Development: fully crawling, pulling herself to standing, starting to cruise, carefully sitting back down by putting one hand down first, playing peek-a-boo,  turning pages of books, mimicking sounds like “up” and “uh-oh”. I think she may still be slightly cross-eyed so we are going to have our pediatrician refer us to an optometrist. 

Naps: 3 with nanny, 2 on weekends with us

Favorite activities: reading books, clapping, knocking down block towers, standing up and walking while holding our hands, and LAUGHING while we’re being silly. 

Food: loves zucchini and apple oatmeal with flax seed, vegetable soup with beans, pieces of beets, broccoli, asparagus, etc, sautéed greens, berries, and noodles. Oh, and definitely breast milk!

Sleep: Not fun. Leap 6 has been a bitch, and interesting considering how alert and interactive Gia is. A lot of her ability to self-soothe is still there, but it’s as if she’s moved on to needing new ways of connecting anyway. Some nights she has trouble going to sleep, and she’s harder to settle after her night feeds. She wakes up twice. I’m planning to wean her from one of them once her teething and sleep regression settle down. I nurse her in bed and we sometimes end up bed sharing in the early morning hours; the rest of the time she’s in her crib with a knitted blanket and her fox lovey. We’re doing some research and consideration of how to organize Gia’s sleep again now that her behavior has changed so much. I need to figure out how to help her sleep better now that she stands in the crib staring at us!


As far as mom life goes, I’be been struggling with my work environment not being as healthy as I’d like, low pumping productivity, and sleep. On the positive side, being a mom just gets better and better. I find it easier to care of Gia without feeling anxious and overwhelmed. J and I have started going out more during the weekend days since we’re always home at night for Gia’s bedtime, and it’s been FUN! We are working on our relationship too, and it’s slowly paying off. Playing with Gia together is the best – she loves to read books, dance to Paul Simon, and ride around with J on my exercise ball chair. Making her laugh is more fun than going out drinking any day! Well, we least for now.

The other day I was watching Parenthood and there was a cheesy, cathartic but well-edited scene tying an episode of parenting strife together. I thought, very clearly, I can’t believe I almost missed out on this. I can’t believe I didn’t realize how incredible having a baby is. I am so, so happy.  Being Gia’s mom is the best thing I’ve ever done.

Two weeks ago Gia stopped going to sleep as easily. With the time change, her bedroom was light at 7 pm when she usually goes down, but it wasn’t just that. She wasn’t calming down while nursing and when I put her in her crib, when normally she would roll over and close her eyes, she was popping up, wide awake and crying. A few times that week it took an hour or more to get her to sleep, and several times in the middle of the night it took the same to get her back to sleep. When I opened the Wonder Weeks app, a storm cloud loomed over her little head.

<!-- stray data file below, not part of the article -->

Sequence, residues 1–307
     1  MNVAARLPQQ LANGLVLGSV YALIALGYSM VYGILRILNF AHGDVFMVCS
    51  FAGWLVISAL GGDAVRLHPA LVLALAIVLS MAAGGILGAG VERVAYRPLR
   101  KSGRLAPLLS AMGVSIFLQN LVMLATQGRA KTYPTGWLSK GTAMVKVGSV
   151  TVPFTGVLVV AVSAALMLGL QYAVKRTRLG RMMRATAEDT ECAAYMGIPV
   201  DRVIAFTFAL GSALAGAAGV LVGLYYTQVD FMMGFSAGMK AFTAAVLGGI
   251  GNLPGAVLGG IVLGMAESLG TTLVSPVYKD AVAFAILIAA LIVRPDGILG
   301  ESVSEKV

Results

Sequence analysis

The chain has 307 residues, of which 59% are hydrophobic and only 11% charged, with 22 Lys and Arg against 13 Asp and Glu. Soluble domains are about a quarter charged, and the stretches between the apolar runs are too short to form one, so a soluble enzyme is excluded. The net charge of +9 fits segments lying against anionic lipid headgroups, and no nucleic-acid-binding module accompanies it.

J and I discussed her baby craziness a few days later and decided we just wanted to support and comfort her, rather than take a hard line. We let her sleep in bed with us after her first waking a few times.  At the same time, she started crawling on all fours and pulling herself to standing. She wants to stand and “walk” holding our hands all the time! She also claps and says “uh-oh” and “up”, although I’m sure she doesn’t know what they mean. We weren’t about to do sleep waves while she was standing in the crib, peering over the top screaming. I suppose you could, but it didn’t feel the same now that she can pull herself up. 

It’s been pretty rough.  I did have a couple of freak-outs at 3am. One night I removed myself and slept in the nursery because I couldn’t be the best mother in that moment. I had to listen to her cry in J’s arms for awhile, but she’d already nursed for 45 minutes and I knew she was okay. She had trouble sleeping for two weeks and is just starting to get back on track. We changed her bedtime routine to 7 and bedtime to 7:30, and I started doing a dream feed so I could skip a night waking. (Why didn’t I start this earlier, it’s great! She’s so mellow and goes right back to sleep and sometimes I get to sleep six hours straight.) 

The best thing I did during this sleep regression was take two warm baths with Gia. One night when J was away on business and Gia seemed really amped up I drew a bath and pulled her in with me. We hadn’t done this since she was just a few months old. We lay there playing and nursing for a long time and she went right to sleep that night. It was nice so we tried it again a few nights ago. 

During the day though, this sassy little girl is pretty hilarious. She cracks up at the silliest things, lies on her back staring at books like she’s reading them, andslurps down the broth at the end of her soup bowl. I feel a lot less anxious about taking care of her, aside from her weekend naps which really stress me out (she naps perfectly for the nanny but with us will only nap in stroller or ergo). She’s very interactive. She’s started a music class on Fridays and we start swim lessons this Saturday.